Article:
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US secretary of state rallies Mideast leaders to prepare for Gaza's post-war future

U.S. Secretary of State Antony Blinken says four key Arab nations and Turkey have agreed to begin planning for post-conflict reconstruction and governance of Gaza once Israel’s war against Hamas ends

Matthew Lee
Monday 08 January 2024 20:20 GMT

U.S. Secretary of State Antony Blinken said Monday that four key Arab nations and Turkey have agreed to begin planning for the reconstruction and governance of Gaza once Israel’s war against Hamas ends.

Blinken, who is on an urgent Mideast mission aimed primarily at preventing the conflict from spreading as fears rise of a regional war, said Saudi Arabia, Jordan, Qatar, the United Arab Emirates and Turkey would consider participating in and contributing to “day after” scenarios for the Palestinian territory, which has been devastated by three months of deadly Israeli bombardment.

Those countries had previously resisted U.S. calls for post-war planning to begin, insisting that there must first be a cease-fire and a sharp reduction in the civilian suffering caused by Israel’s military response to Hamas’ deadly Oct. 7 attacks.

On what is his fourth trip to the Mideast since the war began in October, Blinken said those countries were now open to such planning and that each would consider its own involvement in whatever is eventually decided upon.

“Everywhere I went, I found leaders who are determined to prevent the conflict that we’re facing now from spreading, doing everything possible to deter escalation to prevent a widening of the conflict,” Blinken told reporters traveling with him.

Blinken made the comments after meeting Saudi Crown Prince Mohammed bin Salman at the Saudi royal's winter camp outside the ancient incense-route trading city of Al Ula in western Saudi Arabia. Blinken had earlier visited Turkey, Greece, Jordan, Qatar and the UAE.

The leaders of those countries "agreed to work together and to coordinate our efforts to help Gaza stabilize and recover, to chart a political path forward for the Palestinians and to work toward long-term peace, security and stability in the region as a whole," Blinken said.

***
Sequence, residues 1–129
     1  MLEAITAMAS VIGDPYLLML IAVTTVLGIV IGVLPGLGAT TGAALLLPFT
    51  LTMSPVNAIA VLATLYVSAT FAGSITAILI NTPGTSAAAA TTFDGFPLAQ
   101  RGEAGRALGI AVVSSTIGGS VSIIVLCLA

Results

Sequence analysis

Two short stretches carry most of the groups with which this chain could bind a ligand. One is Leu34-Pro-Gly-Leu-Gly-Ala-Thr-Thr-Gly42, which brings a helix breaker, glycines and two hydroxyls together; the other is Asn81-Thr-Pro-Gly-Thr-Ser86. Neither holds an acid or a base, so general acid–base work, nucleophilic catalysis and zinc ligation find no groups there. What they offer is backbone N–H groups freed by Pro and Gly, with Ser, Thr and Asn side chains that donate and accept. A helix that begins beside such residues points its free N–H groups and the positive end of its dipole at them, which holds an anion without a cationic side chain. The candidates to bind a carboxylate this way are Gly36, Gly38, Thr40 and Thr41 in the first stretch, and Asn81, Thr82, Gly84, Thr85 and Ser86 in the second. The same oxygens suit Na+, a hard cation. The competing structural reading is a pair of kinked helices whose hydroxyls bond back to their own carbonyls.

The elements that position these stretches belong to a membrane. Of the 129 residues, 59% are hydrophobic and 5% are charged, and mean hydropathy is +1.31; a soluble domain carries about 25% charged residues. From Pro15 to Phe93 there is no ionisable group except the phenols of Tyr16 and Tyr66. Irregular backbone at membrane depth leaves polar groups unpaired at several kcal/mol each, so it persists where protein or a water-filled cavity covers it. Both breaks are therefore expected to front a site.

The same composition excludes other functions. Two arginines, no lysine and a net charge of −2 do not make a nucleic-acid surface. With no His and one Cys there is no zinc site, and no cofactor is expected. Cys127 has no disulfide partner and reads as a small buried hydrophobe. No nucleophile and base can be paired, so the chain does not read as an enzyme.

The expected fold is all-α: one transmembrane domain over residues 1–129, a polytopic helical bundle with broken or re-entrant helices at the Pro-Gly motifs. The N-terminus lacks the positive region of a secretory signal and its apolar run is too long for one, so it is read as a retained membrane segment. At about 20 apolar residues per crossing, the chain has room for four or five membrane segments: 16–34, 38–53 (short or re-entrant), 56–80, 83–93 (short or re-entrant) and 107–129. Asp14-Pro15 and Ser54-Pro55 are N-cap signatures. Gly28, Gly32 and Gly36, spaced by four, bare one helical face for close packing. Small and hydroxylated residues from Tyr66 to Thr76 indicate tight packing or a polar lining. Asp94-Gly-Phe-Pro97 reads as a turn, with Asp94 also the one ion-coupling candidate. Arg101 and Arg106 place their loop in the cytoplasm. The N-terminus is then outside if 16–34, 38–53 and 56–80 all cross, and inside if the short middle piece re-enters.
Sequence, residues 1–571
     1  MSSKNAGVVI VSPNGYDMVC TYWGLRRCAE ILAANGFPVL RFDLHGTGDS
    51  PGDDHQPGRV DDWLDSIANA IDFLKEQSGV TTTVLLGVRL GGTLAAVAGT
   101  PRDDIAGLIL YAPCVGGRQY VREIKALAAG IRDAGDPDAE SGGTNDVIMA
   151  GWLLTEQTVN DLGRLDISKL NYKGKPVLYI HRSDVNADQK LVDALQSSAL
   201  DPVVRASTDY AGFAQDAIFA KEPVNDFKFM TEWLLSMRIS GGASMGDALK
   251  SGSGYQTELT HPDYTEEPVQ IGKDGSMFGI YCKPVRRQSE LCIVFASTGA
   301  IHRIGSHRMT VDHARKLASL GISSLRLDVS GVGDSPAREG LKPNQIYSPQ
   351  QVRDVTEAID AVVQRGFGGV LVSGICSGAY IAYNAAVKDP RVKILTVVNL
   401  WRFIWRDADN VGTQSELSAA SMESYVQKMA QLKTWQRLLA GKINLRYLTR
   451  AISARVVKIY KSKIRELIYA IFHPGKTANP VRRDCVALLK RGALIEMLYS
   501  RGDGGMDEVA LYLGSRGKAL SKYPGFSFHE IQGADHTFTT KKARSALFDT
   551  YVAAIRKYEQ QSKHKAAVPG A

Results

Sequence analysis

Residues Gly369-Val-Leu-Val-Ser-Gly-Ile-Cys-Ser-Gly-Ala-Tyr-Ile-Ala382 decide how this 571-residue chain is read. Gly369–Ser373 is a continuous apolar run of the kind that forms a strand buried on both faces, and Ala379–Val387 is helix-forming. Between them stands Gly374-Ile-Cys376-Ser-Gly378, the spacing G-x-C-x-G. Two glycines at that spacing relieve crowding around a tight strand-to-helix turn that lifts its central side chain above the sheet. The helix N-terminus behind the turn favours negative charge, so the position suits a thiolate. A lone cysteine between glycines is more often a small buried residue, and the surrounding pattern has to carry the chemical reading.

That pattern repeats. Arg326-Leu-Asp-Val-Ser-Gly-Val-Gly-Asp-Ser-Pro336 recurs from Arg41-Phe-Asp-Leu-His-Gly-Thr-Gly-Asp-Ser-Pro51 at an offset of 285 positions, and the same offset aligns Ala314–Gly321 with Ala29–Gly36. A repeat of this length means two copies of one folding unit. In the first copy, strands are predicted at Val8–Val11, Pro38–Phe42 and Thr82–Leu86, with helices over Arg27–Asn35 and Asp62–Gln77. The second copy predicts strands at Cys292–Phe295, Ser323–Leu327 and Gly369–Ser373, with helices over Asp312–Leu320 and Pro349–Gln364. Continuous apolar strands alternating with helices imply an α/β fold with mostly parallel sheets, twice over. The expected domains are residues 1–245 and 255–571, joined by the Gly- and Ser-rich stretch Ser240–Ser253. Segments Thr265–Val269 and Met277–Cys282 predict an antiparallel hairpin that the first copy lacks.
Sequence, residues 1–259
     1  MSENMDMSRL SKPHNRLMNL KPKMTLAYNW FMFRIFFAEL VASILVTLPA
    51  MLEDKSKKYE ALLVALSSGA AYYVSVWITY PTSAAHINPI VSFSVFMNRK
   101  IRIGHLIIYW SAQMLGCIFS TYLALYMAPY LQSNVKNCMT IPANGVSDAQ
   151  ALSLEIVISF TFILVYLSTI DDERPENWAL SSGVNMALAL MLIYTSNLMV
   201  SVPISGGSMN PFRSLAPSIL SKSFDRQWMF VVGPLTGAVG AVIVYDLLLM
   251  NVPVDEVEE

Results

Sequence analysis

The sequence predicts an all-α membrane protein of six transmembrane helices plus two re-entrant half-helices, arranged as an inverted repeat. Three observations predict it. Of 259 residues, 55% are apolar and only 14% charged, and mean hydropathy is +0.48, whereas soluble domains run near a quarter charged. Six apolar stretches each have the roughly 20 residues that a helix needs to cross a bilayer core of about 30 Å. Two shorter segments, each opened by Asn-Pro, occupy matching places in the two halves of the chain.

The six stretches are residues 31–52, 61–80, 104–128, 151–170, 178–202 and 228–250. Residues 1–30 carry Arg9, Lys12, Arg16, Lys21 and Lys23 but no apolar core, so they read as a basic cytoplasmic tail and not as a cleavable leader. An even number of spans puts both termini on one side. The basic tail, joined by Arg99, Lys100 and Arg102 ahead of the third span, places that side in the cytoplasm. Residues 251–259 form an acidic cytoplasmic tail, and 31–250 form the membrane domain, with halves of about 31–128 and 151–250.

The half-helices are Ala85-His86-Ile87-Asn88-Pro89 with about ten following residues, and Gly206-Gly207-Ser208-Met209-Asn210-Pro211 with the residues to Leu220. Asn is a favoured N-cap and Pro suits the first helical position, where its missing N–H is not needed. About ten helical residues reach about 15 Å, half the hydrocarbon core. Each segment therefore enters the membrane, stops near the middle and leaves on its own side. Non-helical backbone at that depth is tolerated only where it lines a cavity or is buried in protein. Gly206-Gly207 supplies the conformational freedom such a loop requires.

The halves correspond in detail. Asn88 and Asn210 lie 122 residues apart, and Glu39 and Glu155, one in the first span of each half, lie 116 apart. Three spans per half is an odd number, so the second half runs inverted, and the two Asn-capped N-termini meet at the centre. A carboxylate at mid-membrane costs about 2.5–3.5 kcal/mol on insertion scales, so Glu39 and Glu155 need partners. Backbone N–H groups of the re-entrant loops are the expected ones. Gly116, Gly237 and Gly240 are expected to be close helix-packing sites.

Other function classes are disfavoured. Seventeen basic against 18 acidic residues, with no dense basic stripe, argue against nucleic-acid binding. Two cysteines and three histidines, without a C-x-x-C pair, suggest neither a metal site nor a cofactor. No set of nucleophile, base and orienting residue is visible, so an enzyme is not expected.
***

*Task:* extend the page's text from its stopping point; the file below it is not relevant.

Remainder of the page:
He said they “are prepared to make the necessary commitments to make the hard decisions to advance all of these objectives to advance this vision for the region.”

Blinken did not offer specifics on potential contributions. Financial and in-kind support from the UAE and Saudi Arabia could be essential to the success of any plan.

Arab states have been highly critical of Israel’s actions and have eschewed public support for long-term planning, arguing that the fighting must end before such discussions can begin. They have been demanding a cease-fire since mid-October as civilian casualties began to skyrocket.

After meeting Blinken during his visit to Qatar, Foreign Minister Sheikh Mohammed bin Abdulrahman al Thani called for an immediate cease-fire, saying the constant images of death and destruction in Gaza are desensitizing people to the horrors of what is happening.

“This is a big test for our humanity,” he said. “We are looking for a sustainable future. However, the focus is now on stopping the fighting.”

In Amman on Sunday, Jordan's King Abdullah II “warned of the catastrophic repercussions” of the war in Gaza while calling on the U.S. to press for an immediate cease-fire, a statement from the Royal Court said.

Israel has refused to agree to a cease-fire and the U.S. has instead called for specified temporary “humanitarian pauses” to allow aid to get in and people to get to safety.

Another urgent priority for Blinken is to surge humanitarian assistance to Gaza. In Amman, Blinken toured the World Food Program’s regional coordination warehouse, where trucks were being packed with aid to be delivered to Gaza through both the Rafah and Kerem Shalom crossings.

From Saudi Arabia, Blinken traveled to Israel and he will also visit the West Bank and Egypt before returning to Washington on Wednesday.

The U.S. has been pressing Israel for weeks to let greater amounts of food, water, fuel, medicine and other supplies into Gaza, and the U.N. Security Council passed a resolution on Dec. 22 calling for an immediate increase in deliveries. Three weeks ago, Israel opened its Kerem Shalom crossing, adding a second entry point for aid into Gaza after Rafah.

Still, the rate of trucks entering has not risen significantly. This week, an average of around 120 trucks a day entered through both crossings, according to U.N. figures, far below the 500 trucks of goods going in daily before the war and far below what aid groups say is needed.

Almost the entire population of 2.3 million depends on the trucks coming across the border for their survival. One in four Palestinians in Gaza is starving, and the rest face crisis levels of hunger, according to the U.N.

More than 85% of people in Gaza have been driven from their homes by Israeli bombardment and ground offensives. Most live in U.N. shelters crowded beyond their capacity, in tent camps that have been sprung up, or on the streets.

Blinken’s visit comes as developments in Lebanon, northern Israel, the Red Sea and Iraq have put intense strains on what had been a modestly successful U.S. push to prevent a regional conflagration since Hamas attacked Israel on Oct. 7, and as international criticism of Israel’s military operation mounts.

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